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The Difference Between David Cameron and Ben Stokes

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Two days, two controversies from very different newspapers. Yesterday *The Guardian* felt compelled to apologise for an awful leader column which claimed David Cameron had only felt “privileged pain” over the death of his son. It was a shocking lack of judgement that must have gone through several pairs of eyes before it was published.

Today The Sun splashed the news that Ben Stokes’s half-brother and sister were shot dead 31 years ago by his mother’s former partner.

Stokes was not impressed, tweeting that this was “low and despicable behaviour, disguised as journalism”. He added: “To use my name as an excuse to shatter the privacy and private lives of – in particular – my parents, is utterly disgusting.”

I think this sort of issue divides hacks, flaks and the rest of the nation, with us hacks on our own.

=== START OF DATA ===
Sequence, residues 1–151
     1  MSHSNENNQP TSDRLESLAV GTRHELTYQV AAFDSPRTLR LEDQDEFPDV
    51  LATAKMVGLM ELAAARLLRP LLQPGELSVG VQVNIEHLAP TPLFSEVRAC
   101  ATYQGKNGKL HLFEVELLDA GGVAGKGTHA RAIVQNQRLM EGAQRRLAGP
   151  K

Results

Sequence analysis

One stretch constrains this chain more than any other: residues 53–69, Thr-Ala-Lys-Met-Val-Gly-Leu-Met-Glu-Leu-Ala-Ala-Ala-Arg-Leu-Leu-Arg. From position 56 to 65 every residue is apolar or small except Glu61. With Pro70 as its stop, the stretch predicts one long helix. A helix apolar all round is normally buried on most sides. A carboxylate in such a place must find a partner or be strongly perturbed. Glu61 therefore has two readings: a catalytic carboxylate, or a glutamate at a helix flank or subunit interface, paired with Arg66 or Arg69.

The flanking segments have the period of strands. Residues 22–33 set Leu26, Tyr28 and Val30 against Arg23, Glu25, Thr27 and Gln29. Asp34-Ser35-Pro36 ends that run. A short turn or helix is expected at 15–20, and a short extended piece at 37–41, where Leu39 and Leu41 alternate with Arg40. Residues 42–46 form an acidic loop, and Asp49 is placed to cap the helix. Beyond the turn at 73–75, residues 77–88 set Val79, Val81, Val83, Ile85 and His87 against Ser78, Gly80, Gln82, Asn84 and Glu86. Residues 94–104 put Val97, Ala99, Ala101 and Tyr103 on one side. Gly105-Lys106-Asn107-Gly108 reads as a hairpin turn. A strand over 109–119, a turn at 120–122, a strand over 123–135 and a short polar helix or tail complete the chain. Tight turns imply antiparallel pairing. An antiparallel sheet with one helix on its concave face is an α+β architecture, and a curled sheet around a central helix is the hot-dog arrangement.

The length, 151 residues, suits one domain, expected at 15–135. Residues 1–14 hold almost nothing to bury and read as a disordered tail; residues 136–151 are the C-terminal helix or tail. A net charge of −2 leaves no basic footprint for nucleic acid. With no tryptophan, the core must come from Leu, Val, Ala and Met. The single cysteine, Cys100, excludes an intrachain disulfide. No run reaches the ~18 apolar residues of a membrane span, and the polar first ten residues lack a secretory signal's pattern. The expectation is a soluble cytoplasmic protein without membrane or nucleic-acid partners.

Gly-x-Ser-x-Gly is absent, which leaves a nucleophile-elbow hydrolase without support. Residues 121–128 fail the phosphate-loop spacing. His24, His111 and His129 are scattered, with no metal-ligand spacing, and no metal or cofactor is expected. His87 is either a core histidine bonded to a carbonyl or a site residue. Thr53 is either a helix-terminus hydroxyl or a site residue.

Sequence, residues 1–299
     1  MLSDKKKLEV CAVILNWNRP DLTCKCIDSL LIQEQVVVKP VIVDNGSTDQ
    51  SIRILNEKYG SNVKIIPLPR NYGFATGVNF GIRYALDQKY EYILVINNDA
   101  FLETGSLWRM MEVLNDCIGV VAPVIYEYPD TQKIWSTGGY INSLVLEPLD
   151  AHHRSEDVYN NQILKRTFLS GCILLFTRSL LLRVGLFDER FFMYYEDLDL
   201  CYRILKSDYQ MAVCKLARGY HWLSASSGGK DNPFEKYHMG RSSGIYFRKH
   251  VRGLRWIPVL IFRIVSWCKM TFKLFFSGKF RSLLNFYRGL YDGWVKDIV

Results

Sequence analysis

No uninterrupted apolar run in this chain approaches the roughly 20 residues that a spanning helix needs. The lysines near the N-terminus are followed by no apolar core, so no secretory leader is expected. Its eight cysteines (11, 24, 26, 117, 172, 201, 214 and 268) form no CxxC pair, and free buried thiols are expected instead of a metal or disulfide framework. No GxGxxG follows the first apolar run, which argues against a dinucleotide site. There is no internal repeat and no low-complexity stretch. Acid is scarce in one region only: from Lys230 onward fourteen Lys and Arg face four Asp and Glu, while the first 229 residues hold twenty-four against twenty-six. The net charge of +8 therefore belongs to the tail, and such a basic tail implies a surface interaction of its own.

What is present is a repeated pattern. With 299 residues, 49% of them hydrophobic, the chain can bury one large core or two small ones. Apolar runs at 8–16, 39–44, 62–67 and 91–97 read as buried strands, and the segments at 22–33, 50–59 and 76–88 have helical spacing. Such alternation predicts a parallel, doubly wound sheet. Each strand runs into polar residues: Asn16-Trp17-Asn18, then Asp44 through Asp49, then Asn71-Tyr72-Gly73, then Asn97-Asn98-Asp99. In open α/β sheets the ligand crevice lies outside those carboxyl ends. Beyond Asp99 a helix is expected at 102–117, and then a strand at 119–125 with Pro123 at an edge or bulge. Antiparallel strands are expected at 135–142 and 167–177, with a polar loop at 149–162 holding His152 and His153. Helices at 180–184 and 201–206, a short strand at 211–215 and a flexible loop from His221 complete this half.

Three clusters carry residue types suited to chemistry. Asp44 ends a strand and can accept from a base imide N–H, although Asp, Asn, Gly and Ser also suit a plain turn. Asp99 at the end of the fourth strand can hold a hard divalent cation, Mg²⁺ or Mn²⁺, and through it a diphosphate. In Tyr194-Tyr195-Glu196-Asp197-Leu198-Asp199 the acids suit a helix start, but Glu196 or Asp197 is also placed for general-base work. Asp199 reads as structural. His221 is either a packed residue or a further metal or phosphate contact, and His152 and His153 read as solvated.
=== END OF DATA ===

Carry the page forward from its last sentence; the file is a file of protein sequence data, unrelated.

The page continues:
Most people probably agree with Stokes, that this historic matter is none of our business and that dragging it up is “totally out of order”.

I think it is what we call news; a great, if painful, scoop about a cricket hero. I think any newspaper would have run it and it will be interesting to see which ones follow it up (The Daily Mail already has)

Would the same story have run if it involved a senior business person? I’m not sure. Business types tend to get a pass on this sort of stuff, because they aren’t quite famous, aren’t quite public figures. I still think that such a story would be legitimate though.

Once you put barriers up about what we are and are not allowed to know, those barriers start appearing in all sorts of places. The only way you can be sure that The Guardian is free to print what it wishes, is that The Sun is too.

Discuss.

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Women lack confidence at work, says this from Robert Walters. More than half of all female professionals have never attempted to negotiate a pay rise, which may explain the “persistent” gender pay gap. This might merit a wider audience than the City pages…

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